When it comes to the US investment outlook, the outcome of the presidential elections will almost certainly rise to the top of investors’ list of concerns soon, bumping discussions about the timing of the next interest-rate move by the Federal Reserve to second spot. Our view is that as much importance should be given to the make-up of Congress as to the election victor. That is because the president has relatively little direct influence over the economy and therefore little direct influence over corporate profits. Congress, on the other hand, is the body that passes the laws and as the Dodd Frank Wall Street Reform and Consumer Protection Act and the Affordable Health Care for America Act show, legislation can have a significant impact on particular sectors.
Equities likely to continue of range-bound course
US equities have posted higher returns this year than most other developed markets despite persistent investor concerns about high valuations, already high margins and the prospect of higher interest rates. Political turmoil in Europe and the emerging markets and a strengthening Japanese yen have made the US the default safe-haven equity market. We see the US market as likely to continue on a range-bound course through the rest of the year, with any shocks recouped, but little chance of a break-out to significant new highs. While corporate margins are indeed high, they are unlikely to collapse before the next recession (which we believe is still distant). Equity valuations should be supported by low interest rates.
The returns of the various industry sectors have until now been driven primarily by dividend yields as investors have turned increasingly to equities for income (see Exhibit 1). Although yields are expected to stay low, the Fed should hike at least once by the end of the year, reducing the appeal of these bond proxies.
An additional concern over the medium term is that investor demand has pushed equity valuations so high that future total returns will inevitably be sub-par. For example, the S&P Utilities sector currently trades at around 18.3 times forward earnings estimates, compared to an historical average since 1985 of 13.7 times. While the extra 1.2% in dividends compared to the broad index is welcome, it appears to be insufficient when the expected earnings growth for the sector is the second worst among the S&P 500 sectors.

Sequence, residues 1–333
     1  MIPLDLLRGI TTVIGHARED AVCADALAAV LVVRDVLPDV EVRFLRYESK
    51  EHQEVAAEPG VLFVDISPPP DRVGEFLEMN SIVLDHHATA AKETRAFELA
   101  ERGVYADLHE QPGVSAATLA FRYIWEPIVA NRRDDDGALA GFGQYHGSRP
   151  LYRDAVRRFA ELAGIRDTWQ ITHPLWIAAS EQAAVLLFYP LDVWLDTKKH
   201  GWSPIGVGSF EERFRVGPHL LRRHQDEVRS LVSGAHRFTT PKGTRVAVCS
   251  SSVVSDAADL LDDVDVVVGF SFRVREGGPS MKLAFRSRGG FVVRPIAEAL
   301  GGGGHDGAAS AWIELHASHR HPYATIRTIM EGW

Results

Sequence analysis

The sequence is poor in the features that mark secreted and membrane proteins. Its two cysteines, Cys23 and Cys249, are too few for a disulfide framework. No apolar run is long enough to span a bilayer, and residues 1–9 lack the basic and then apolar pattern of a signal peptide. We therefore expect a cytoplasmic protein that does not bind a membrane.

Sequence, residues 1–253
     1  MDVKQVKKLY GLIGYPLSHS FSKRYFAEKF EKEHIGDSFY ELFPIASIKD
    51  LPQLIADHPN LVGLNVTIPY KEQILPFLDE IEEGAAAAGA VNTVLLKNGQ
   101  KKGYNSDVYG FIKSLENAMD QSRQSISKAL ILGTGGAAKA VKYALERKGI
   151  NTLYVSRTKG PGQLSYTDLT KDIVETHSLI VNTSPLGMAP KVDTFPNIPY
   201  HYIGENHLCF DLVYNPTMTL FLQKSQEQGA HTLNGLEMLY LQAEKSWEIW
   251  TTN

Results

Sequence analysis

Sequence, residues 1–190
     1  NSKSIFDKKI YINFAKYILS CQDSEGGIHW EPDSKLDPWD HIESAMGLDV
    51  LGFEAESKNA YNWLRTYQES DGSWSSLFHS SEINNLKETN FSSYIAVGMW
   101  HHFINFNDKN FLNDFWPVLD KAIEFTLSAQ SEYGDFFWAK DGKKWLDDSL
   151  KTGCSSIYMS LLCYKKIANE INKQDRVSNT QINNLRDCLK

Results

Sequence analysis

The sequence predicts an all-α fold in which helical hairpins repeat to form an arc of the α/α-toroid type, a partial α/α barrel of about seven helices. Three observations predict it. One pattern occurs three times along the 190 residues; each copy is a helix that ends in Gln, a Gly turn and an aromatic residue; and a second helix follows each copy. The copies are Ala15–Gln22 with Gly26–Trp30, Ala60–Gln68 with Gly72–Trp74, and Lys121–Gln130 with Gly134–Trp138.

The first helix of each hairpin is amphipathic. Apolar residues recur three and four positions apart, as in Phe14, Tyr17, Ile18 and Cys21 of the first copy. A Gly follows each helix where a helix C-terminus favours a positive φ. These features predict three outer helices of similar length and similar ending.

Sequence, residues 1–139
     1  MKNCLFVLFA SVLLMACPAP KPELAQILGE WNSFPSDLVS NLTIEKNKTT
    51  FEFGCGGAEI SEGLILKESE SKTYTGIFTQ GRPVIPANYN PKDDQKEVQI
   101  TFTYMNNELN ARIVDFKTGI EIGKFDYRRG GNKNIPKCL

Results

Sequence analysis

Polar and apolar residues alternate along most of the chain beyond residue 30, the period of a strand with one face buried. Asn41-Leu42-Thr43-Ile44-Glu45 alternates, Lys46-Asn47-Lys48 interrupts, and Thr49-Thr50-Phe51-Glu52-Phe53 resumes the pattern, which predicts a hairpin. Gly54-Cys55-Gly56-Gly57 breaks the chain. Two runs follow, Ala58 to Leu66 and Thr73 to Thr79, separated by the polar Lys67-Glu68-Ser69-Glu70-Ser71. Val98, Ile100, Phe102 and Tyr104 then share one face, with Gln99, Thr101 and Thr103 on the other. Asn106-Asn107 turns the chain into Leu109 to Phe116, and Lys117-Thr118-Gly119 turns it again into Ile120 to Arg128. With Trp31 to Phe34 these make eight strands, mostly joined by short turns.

Exhibit 1: Sector returns and dividend yield
- GICS sectors and REITs
- Each dot represents one of the sectors making up the S&P 500, i.e. energy, materials, industrials, etc.
Sources: FactSet, MSCI, BNP Paribas Asset Management, as of 24 August 2016
Three attractive sectors and growth stocks
Those sectors that should offer the best combination of relatively attractive valuations and/or earnings growth potential include financials (which should benefit from rising interest rates), consumer discretionary and information technology. Parts of the healthcare sector are at risk from increased regulation depending on the outcome of the election, but the overall weight of the sector in the US economy should nonetheless continue rising.
Growth stocks should recover from their year-to-date underperformance as yield pressures lessen and cyclically sensitive parts of the economy expand. This is also an environment where small and mid-cap stocks should outperform large caps. Both the Russell 2000 and Russell Midcap indices have modestly outperformed the S&P 500 so far in 2016, but valuations are reasonable, the earnings growth outlook is helped by strong domestic demand, and a modestly appreciating US dollar should hinder large caps.
Capped Treasury yields and steady spreads
Even as the Fed raises interest rates, ongoing or even increasing quantitative easing by other central banks will most likely keep a lid on longer-term US Treasury yields; foreign investors see the appeal of 150bp in extra income versus their own domestic bond markets (see Exhibit 2). Credit is likely to continue to outperform government debt as a slow, but steady US expansion keeps spreads within the same narrow range they have been in over the last year (February 2016 excepted).
Exhibit 2: US Treasury-German Bund spread and foreign Treasury demand
Even if there are periodic shocks to the market and subsequent spread widening, we would expect a quick retracement, as has been the case for over a year. High-yield spreads tend to be more sensitive to any weakening in the economy, though much of the energy sector exposure has now been minimised. We expect default rates to rise only modestly and believe investors are currently being compensated for the credit risk they pose. [divider] [/divider]
This article on the US investment outlook was written by Daniel Morris on 24 August 2016 in London [divider] [/divider]
This article is part of our recent ‘Investment outlook’ and ‘Economic outlook’ series.
Here are the links to all the articles: